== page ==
his City bus
between June 10th and through Saturday, June 22nd. Had
any accidents occurred during this period of
time, the City pointed out, that it would have been
liable because R.D. had already lost his P endorsement and his CDL on June
10th. Thus, the Grievant's
actions in continuing to drive and failing to notify the City of the loss of his license further
City's decision to discharge him.
The City argued that the Arbitrator should not substitute her judgment regarding the
in this case for that of the employer, where as here the City was not arbitrary, capricious,
discriminatory or unfair in imposing the discharge penalty upon the Grievant. In this regard,
noted that R.D.'s conduct was extremely serious and that it had in fact previously terminated
Department employee because he could not perform the essential duties of his job due to his
sick from the motion of the emergency vehicle each time he went to work.
Furthermore, the City argued that it has not violated the contract by refusing to give
preferential treatment for vacant City positions. On this point, the City argued that the
failed to prove a clear past practice of allowing employees who lose the qualifications for
positions to gain preferential treatment for other vacant positions in the City. Regarding the
the City urged that the fact situation and the settlement in that case cannot be used in any
way as a
precedent in any other case due to the specific language of the documents which the parties
support of that settlement.
In regard to the other cases, the City urged that these involved distinct factual
were not applicable to this case. In regard to Transit Operator R.M., the City noted that
R.M. had had
problems with job performance, specifically passenger interaction, and that the City
to post into another position. Concerning J.G.'s case, the City noted that J.G. did not lose
endorsement and that he was essentially demoted from an Operator III to an Operator II job
performance problems. Concerning the J.K. situation, although J.K. was a mechanic in the
Division and lost his P endorsement for two years due to an OWI, driving a bus was not an
function of his mechanic position and he was allowed to remain in his mechanic position
because of this
fact. Concerning the D.V. case, the City noted that D.V. was an Electrician who lost his
an OWI off-duty and that again, D.V.'s position did not require him to drive as an essential
of his position and that D.V. did not need a P endorsement to retain his position at the City.
The City argued that even if the Arbitrator finds that a past practice of
the City is not responsible to extend that past practice to the Grievant given the facts of his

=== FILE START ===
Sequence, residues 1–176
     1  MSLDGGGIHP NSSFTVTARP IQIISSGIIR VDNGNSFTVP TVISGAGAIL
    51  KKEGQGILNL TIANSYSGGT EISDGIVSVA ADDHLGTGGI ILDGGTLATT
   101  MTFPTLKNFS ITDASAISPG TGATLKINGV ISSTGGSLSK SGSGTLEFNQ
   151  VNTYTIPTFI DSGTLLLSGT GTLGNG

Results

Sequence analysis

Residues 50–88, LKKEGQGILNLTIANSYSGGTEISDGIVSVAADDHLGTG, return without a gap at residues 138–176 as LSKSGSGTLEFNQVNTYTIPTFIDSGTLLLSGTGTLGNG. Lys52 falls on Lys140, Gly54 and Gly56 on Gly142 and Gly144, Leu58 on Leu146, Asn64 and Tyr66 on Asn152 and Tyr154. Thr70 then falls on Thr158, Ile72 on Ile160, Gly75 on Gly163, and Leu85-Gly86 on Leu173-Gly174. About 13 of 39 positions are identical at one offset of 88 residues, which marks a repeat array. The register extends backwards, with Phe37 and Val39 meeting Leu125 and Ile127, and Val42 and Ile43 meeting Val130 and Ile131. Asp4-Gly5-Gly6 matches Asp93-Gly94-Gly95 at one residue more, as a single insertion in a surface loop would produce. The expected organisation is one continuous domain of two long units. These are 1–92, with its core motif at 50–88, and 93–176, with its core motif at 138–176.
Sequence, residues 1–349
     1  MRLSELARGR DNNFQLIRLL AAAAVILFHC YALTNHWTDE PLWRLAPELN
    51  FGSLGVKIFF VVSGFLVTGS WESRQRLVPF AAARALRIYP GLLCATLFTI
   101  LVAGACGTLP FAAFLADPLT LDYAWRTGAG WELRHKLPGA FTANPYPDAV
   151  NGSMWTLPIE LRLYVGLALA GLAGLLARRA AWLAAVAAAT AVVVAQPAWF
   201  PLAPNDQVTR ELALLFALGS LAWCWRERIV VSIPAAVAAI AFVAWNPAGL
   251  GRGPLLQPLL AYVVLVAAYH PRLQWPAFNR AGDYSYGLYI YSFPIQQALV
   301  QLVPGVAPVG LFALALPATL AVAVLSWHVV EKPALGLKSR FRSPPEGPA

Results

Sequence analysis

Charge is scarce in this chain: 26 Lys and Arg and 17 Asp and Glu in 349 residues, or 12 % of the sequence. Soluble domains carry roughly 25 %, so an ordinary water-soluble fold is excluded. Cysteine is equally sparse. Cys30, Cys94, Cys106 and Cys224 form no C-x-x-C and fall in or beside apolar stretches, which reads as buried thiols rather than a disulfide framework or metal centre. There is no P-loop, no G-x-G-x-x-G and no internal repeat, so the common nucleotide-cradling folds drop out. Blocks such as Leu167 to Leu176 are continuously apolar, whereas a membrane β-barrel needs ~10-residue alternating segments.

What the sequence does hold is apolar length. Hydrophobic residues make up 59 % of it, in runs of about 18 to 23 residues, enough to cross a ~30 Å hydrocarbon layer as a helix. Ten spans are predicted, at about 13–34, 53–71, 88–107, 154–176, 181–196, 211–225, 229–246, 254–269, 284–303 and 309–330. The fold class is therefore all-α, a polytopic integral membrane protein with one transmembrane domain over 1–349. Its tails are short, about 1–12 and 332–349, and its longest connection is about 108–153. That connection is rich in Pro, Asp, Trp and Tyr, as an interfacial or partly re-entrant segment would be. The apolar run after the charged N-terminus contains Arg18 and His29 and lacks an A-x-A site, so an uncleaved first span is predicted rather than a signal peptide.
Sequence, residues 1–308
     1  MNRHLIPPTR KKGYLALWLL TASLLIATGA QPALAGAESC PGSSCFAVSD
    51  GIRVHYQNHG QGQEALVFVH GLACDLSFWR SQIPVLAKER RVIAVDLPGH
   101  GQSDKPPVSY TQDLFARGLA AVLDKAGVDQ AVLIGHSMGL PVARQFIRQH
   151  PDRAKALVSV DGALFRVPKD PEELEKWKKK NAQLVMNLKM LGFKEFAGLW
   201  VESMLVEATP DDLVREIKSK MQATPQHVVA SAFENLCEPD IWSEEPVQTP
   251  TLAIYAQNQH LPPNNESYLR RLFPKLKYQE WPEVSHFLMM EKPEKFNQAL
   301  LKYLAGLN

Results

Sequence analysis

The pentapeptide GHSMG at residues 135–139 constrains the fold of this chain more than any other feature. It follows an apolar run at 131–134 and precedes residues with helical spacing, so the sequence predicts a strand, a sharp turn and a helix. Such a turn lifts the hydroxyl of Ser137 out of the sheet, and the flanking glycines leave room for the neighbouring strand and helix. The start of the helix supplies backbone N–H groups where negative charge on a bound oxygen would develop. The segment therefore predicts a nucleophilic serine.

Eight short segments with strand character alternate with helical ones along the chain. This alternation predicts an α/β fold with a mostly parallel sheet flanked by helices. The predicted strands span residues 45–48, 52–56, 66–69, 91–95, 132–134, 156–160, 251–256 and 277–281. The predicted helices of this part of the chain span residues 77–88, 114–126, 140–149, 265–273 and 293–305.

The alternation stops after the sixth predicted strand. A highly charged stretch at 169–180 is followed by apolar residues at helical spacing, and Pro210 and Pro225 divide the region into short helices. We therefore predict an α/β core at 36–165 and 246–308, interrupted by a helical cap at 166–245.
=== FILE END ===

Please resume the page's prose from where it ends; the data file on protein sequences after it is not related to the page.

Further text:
Furthermore, no contract language supports the Union regarding its argument that R.D.
been allowed to use his seniority, despite his termination, to post into open City positions.
In all the
circumstances, the City urged that the grievance be denied and dismissed in its entirety.
The Union argued that the City had treated R.D. unfairly in terminating him and that
treated him unfairly by refusing to accommodate him as the City had done with other
similar situations who had drug and alcohol problems. In this regard, the Union
urged that R.D. should not have been terminated because his off-duty problems did not
affect his work
performance. The Union urged that R.D. did keep the City abreast of his driver licensing
that he did not hide his situation. However, R.D. did base his actions on what his attorney,
and the Court told him. Indeed, R.D. believed that his license would not be revoked until he
the DOT Letter of Revocation (Joint Exhibit 21) and the Union noted that R.D. did not drive
after he received that document. In these circumstances, the Union urged that the City had
arbitrarily and capriciously in discharging R.D.
The Union contended that other employees, including one who had reported to work
had received less severe punishments than R.D. In this regard, the Union noted that in the
Employer has accommodated "drug addicts, alcoholics and even employees who could not
critical parts of their job." In these circumstances, the Union urged that the City has given
employees the "realistic expectation" that the City will work with the Union and employees
to find an
accommodation in these kinds of situations.
The Union noted particularly the C.B. case, which it felt demonstrated that R.D. was
disparately. In C.B.'s case, C.B. reported to work as a Transit Operator under the influence
and only because the City conducted a random drug test on C.B. did the City find out that
then under the influence. In that case, the City allowed C.B. to take a suspension, to enter
into a last
chance agreement and to attend drug counseling in order to retain City employment. The
that the City did not offer R.D. such accommodations.
If the Arbitrator finds that the loss of R.D.'s P endorsement is cause for his
Union urged that R.D.'s "seniority should not have been discounted." In this regard, the
that R.D. should have been allowed to take one of the ten openings that were available
Summer of 2002 after his discharge, if he proved qualified, and that R.D. would have likely
a position had the City allowed him to use his seniority to gain such a position. Therefore,
asked that R.D. receive back pay from the date a job he is found qualified for was filled
outside and that the Arbitrator place R.D. in that job.
In sum, the Union urged that other City employees were offered accommodations and
"not expected to grovel for their jobs." Here, the City treated R.D. differently and made no
accommodation and gave him no pre-disciplinary hearing, as was the Personnel Director's
In these circumstances, the Union urged that the grievance be sustained and the Grievant be
The City argued that there was no dispute that R.D. lost his license and "p"
therefore no longer had the necessary qualifications to be employed as a Transit Operator by
giving the City no alternative but to discharge him. The City
noted that it had made an error in stating that R.D. had been convicted of OWI three
times in the past
five years, noting that R.D.'s convictions were three OWI convictions since 1993. The City